Satya Nadella Commits Microsoft To The Cloud

Posted: Mar 28 2014, 4:12am CDT | by , Updated: Mar 28 2014, 5:08am CDT, in News | Microsoft Windows

 
Satya Nadella Commits Microsoft to the Cloud
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As expected, Microsoft Corp. announced Thursday that its popular and wildly profitable Office suite is now available to users of Apple's iPad.

If the demonstration at a company event in San Francisco is any indication, the suite of applications will perform pretty much as they do on a Macintosh computer on a Windows-based computer or tablet. Downloads of the software were made available at 2p.m. ET.

Microsoft will let existing Office 365 subscribers add their iPads to their subscriptions and will make the software available free to just about anyone who wants it on a trial basis.

Investors had already assumed that Thursday’s event would feature the iPad announcement. So the shares experienced a bit of the buy-the-rumor/sell-the-news syndrome and fell back a bit.

But there was actually quite a bit more to chew on.

What new CEO Satya Nadella and Office General Manager Julia White outlined (and what Microsoft will show off in the next few weeks) is that Mr. Softie is no longer trying to defend the Windows ecosystem against the world. Instead, Microsoft is pushing the idea of Mobile First/Cloud First so that just about every product Microsoft sells should be available on just about all platforms.

In other words, Microsoft plans to be of the Cloud, for the Cloud and by the Cloud.

So, in addition to the important iPad announcement, there was an equally important announcement aimed at the universe of IT professionals.

They may regard the tech world’s head-long rush to Cloud computing as a carte-blanche invitation to every hacker, whether comedian or cyber-terrorist, to mess with global computer networks.

Microsoft is launching on May 1 what it calls the Enterprise Mobility Suite, a package of software aimed at managing devices and applications on multiple platforms, including the iPad/iPhone iOS, Google's Android platform, Windows and Windows phone.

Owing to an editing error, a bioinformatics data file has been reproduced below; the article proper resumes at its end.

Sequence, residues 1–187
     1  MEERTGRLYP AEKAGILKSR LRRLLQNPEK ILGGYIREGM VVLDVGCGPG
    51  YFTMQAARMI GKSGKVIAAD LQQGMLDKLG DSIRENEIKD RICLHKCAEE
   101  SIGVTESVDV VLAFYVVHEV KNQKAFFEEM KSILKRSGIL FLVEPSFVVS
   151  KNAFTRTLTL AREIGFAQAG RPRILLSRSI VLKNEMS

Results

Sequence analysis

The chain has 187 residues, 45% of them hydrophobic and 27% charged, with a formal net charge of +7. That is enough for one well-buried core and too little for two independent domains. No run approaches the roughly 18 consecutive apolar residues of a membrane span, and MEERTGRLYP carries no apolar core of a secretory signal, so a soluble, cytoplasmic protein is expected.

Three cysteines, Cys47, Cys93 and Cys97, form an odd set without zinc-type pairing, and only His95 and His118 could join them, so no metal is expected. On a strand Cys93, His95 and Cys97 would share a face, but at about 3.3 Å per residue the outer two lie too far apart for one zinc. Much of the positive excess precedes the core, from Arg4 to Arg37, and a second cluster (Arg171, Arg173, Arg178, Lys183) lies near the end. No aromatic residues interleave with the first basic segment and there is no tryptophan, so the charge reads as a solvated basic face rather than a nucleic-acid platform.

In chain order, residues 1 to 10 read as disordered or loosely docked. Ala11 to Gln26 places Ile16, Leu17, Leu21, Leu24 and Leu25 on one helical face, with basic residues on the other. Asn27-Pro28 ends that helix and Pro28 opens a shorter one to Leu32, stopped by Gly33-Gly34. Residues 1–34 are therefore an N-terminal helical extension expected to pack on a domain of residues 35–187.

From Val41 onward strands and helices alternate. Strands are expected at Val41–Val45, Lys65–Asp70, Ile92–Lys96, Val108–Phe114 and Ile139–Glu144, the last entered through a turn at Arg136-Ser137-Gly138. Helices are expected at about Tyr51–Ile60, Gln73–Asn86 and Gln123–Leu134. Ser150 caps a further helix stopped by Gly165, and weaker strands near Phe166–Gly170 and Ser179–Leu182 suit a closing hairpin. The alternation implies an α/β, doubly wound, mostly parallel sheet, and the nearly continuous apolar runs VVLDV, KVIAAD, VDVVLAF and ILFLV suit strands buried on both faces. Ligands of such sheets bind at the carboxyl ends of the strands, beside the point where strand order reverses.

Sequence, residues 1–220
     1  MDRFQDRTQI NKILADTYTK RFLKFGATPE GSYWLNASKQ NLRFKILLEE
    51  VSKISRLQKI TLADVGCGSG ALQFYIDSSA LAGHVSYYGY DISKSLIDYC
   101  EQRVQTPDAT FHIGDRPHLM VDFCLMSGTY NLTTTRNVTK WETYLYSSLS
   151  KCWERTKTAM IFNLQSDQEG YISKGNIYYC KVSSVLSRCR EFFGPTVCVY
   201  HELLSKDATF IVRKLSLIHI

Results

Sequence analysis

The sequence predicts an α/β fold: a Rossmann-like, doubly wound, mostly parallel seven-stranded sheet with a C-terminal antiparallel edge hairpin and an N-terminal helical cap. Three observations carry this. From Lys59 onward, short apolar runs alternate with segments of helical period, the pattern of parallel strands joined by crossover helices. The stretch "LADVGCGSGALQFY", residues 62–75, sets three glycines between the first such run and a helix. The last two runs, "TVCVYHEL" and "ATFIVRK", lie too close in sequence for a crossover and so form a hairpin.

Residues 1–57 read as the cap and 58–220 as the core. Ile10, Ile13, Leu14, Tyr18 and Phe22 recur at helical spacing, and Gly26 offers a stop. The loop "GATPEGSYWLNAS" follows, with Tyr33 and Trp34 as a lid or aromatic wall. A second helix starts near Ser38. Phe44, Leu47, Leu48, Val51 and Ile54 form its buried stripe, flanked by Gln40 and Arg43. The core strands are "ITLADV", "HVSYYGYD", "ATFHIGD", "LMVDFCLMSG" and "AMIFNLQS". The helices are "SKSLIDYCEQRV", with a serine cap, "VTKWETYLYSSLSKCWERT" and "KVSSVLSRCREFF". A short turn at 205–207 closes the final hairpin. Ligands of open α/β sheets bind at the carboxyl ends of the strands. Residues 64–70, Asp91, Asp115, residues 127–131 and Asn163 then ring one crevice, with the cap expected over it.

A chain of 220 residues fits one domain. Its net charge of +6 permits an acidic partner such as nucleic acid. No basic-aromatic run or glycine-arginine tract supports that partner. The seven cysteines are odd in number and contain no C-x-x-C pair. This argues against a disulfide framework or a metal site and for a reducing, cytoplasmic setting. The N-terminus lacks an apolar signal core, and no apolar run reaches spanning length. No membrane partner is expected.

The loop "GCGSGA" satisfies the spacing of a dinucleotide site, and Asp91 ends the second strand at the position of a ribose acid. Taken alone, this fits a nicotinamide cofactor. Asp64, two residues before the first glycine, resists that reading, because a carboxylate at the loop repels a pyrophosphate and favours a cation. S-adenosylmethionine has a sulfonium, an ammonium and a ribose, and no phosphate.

Some of the software already exists, like Windows Intune, which helps companies and governments manage how individuals’ cell phones, tablets and computers access networks. System Center lets customers manage PCs and servers as well as offer access to preferred applications.

In this vein, Microsoft is entering a market whose players already include VMWare, with its Airwatch business; Citrix Systems, which markets the Zenprise software; and BlackBerry, with its BES 10 software.

Microsoft ended the day off 43 cents, or 1.1%, to $39.36.  The shares were up slightly after hours. With the Thursday close, Microsoft was up 2.7% for March and 5.2% for the year. It is the fifth-best performer among the 30 Dow stocks this year and is outperforming Apple, Google and Amazon.com.

The Microsoft announcement on Thursday comes as competition in the cloud universe is heating up.

Amazon.com and Google are fighting over which has the largest web-hosting businesses. On Tuesday, Google cut prices on its Elastic Compute Cloud service by 30% to 40%. It chopped prices on its Simple Storage Service by 60%.

Amazon matched the cuts on Wednesday.

This is a big-time growth business. Analysts, including Forrester, see the business generating $20 billion a year in revenue by 2020.

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